American chestnut trees are returning to Chestnut Ridge Park this year.
The question is, how long will they live?
The 1,200-acre park in Orchard Park, a crown jewel in the Erie County park system, was named for its magnificent chestnut trees, which dominated the hilly landscape until the first half of the 20th century. But a fungal infection called chestnut blight wiped out billions of American chestnut trees by the 1940s.
The last American chestnut tree at Chestnut Ridge Park died in the 1990s, said Park Superintendent J.J. Thomas.
Since then, repeated efforts by Erie County and chestnut tree-loving groups to re-establish the chestnut tree have failed. Red oak and hemlock are now the dominant types of trees among the several dozen species in the park.
But the county has hatched a new plan this year to bring back American chestnuts.
The idea started when County Executive Mark Poloncarz looked at options to replace a tree in his own front yard. He saw ads for chestnut trees and wondered to himself how any of them could be available for landscaping if the blight killed them all. It turned out they were blight-resistant hybrid chestnut trees. The crossbred trees resemble American chestnut trees.
"I talked with our parks commissioner and said, 'Why don't we buy some of these?' " recalled Poloncarz, who plans to announce an effort to return chestnut trees to the park in his State of the County address on Thursday.
But it's not that simple. Ideally, park advocates want to reintroduce "pure" American chestnut trees to the park. Chestnut Ridge already has a stand of Chinese chestnut trees, which are blight-resistant, but have smoother-edged leaves and a more spread-out shape.
Meanwhile, the SUNY College of Environmental Science and Forestry has developed a new, genetically modified American chestnut tree that is 100 percent blight-resistant. American chestnut tree lovers believe it's only a matter of time before these tall, narrow-leaved beauties make a triumphant return to Chestnut Ridge.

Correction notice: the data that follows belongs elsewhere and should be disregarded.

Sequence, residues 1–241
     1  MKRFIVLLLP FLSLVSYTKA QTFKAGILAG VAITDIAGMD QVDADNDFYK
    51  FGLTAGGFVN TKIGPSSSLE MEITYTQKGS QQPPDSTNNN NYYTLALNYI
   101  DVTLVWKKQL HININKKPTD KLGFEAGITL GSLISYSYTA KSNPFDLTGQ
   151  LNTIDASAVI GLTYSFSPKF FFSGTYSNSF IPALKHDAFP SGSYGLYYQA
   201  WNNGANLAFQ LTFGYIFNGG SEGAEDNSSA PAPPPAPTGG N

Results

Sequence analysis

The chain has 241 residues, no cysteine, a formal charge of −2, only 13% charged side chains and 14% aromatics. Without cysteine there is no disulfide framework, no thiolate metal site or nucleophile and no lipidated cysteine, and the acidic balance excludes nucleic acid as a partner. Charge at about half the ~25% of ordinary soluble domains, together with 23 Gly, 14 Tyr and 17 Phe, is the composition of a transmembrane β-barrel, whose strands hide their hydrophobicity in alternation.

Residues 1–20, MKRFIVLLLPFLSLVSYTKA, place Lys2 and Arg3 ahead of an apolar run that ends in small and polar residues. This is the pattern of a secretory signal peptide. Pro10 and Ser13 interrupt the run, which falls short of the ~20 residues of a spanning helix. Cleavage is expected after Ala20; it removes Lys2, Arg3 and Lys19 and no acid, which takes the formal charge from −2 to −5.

The problem is, none of these "transgenic" chestnut trees are available for sale yet, said Erie County forester Shane Daley. They are still undergoing a government review process to ensure they are safe to introduce into the wild.
So in the meantime, Daley said, the plan is for the county to purchase and plant 50 regular American chestnut saplings this spring. These trees would have no protection against blight. But Daley said that with some careful planning and care, they should live long enough to become established and cross-pollinate with the genetically modified strains of American chestnut trees once those trees are available to the public.
The greater gene pool will help the transgenic chestnut trees survive and produce new generations of blight-resistant trees, he said.
This is no sure-fire plan.
According to county parks personnel and past published reports, a much larger group of chestnut trees, which were expected to have some blight resistance, were planted in the early 2000s but did not live. Several years ago, another effort was made to get chestnut trees started in planters, then transplanted in the park. Those trees didn't make it either.
Even hybrid chestnut trees currently touted as being blight resistant are not immune to the fungus, Daley said. Younger trees also aren't immune to hungry deer.
So the new game plan is to space out the 50 American chestnut trees, surround the sapling trunks with steel cages and spread the trees out across the park so that if one tree gets the blight, the fungus won't quickly spread to the others, Daley said.
This small experiment will not cost the county much – $110 for the saplings and a few hundred dollars more for supplies, he said.
The implication is, if these trees don't make it, they won't be a costly failure. And the potential benefit is worth the price.
County officials say they would like to plant the trees within sight of shelters and trails but protected from mowers.
Poloncarz said he hopes this experiment marks the beginning of a grander plan to bring American chestnuts back to Chestnut Ridge.
"When I'm 80 – I'm 50 now – I can see a full-grown chestnut tree and say, 'Hey, I remember when that was planted,'" he said.